My son, Joshua, will be 3 in June. He is mostly non-verbal. Yet he is now without speech therapy.
"Speech Issues" seem to be the "in" thing for kids to have nowadays. When Isaac and Brianna were little, I knew of, like 2 kids that had speech issues. Since Olivia and Joshua, it seems more kids have speech issues than don't.
Sadly, this is more a matter of little Suzy only says 40 words when she should be saying 50 by x age. Or little Johnny wasn't quoting Shakespeare by 2 1/2. My friends kids were referred to speech simply because they're twins that were born 3 weeks early. They were referred FROM BIRTH. They have no speech issues. Yet they took up space (two spaces actually) in the system, simply because it was assumed that they'd have issues.
Then there's a kid like Joshua. Completely normal birth circumstances. Normal development everywhere but speech. By 12 mths, he had 2 words. By 18 mths he had zero. By 24 mths he had zero. By 2.5 yrs he had 5 words (that were few and far in between).
Joshua had a speech assessment last September. It was seen that he clearly needed help. In October, Lee and I were informed that we would have to take a multi week class (to teach us how to teach him) THEN they would assess Joshua again to see if he needed individual help. The class taught us nothing that we weren't already doing with all of our kids, let alone Joshua.
In January he had another speech assessment. Clearly, he needed individual help. The worker told us that he wasn't in the group that was due to start the following month, but in the group that was due to start in May/June. However, because he would be turning 3 in June and only had 5 noises that counted as words, she would try to push him into the Feb/March group. Thankfully she succeeded.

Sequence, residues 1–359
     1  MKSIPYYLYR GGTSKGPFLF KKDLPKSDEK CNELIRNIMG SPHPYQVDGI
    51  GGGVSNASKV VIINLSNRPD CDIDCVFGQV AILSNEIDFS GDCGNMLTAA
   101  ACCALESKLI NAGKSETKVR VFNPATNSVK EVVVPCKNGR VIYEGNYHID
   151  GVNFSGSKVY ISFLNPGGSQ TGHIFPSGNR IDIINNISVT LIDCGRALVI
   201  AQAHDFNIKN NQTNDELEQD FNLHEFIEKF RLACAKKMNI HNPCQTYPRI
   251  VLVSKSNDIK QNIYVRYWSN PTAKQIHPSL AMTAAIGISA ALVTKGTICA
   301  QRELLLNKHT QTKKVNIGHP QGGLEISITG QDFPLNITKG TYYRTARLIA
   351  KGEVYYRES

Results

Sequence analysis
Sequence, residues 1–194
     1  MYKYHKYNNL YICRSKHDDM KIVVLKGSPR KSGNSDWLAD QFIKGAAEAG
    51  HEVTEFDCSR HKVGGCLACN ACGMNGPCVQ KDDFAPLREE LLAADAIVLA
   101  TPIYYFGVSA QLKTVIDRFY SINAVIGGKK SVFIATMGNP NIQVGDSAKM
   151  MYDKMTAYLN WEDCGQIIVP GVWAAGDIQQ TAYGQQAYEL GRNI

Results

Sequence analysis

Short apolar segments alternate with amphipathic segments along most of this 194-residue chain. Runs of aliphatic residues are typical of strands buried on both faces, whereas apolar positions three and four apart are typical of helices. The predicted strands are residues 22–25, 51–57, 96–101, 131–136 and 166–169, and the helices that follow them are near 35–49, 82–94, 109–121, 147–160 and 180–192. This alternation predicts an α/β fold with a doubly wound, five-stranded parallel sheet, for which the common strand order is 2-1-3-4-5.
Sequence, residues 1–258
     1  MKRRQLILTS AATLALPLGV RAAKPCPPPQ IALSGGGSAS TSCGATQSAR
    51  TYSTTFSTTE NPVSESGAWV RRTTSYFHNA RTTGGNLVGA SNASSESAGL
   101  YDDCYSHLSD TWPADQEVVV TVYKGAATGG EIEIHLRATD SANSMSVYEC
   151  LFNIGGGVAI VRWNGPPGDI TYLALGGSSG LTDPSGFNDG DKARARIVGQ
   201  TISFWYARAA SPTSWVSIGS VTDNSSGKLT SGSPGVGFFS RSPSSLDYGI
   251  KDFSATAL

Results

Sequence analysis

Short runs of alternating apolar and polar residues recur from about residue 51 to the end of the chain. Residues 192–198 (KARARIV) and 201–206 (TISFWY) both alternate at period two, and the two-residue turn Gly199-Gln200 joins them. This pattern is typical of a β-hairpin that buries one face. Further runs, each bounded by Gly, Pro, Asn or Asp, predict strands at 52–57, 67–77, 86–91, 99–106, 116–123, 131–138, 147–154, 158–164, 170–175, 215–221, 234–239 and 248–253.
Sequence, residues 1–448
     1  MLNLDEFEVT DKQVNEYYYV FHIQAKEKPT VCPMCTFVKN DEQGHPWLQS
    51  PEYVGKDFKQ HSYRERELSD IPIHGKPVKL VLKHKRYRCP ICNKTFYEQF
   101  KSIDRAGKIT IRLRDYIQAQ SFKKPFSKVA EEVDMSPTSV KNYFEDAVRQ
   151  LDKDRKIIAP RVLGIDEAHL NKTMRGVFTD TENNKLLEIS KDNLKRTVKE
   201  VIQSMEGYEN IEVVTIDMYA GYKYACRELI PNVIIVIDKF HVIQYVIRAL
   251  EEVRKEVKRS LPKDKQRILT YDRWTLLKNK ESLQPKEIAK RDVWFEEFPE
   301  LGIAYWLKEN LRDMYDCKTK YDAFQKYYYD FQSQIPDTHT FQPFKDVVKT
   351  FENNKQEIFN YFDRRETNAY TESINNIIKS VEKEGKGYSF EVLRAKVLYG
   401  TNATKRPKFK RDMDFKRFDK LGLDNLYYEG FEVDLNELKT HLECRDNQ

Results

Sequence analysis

Between the end of Feb and the beginning of April, Joshua had 7 weekly speech therapy appointments. He loved them. Sassy, his therapist was very patient with him and we got lots of new sounds out of him. We even got 2 new words! He was clearly thriving.
April 7th was our last session. We have no services until at least August when they will book an appointment for another assessment. Since we know he'll need more therapy the assessment seems like a waste of time. After the assessment, we'll be lucky to re-start therapy in October.
Our speech therapist told us that the delay was completely due to the amount of kids in their system.
Don't get me wrong! Joshua is not the only kid with speech issues. Plenty of kids DO have real speech issues. But well more than half of the kids in my town's speech system are like little Suzy above (only 40 words when she "should" have 50).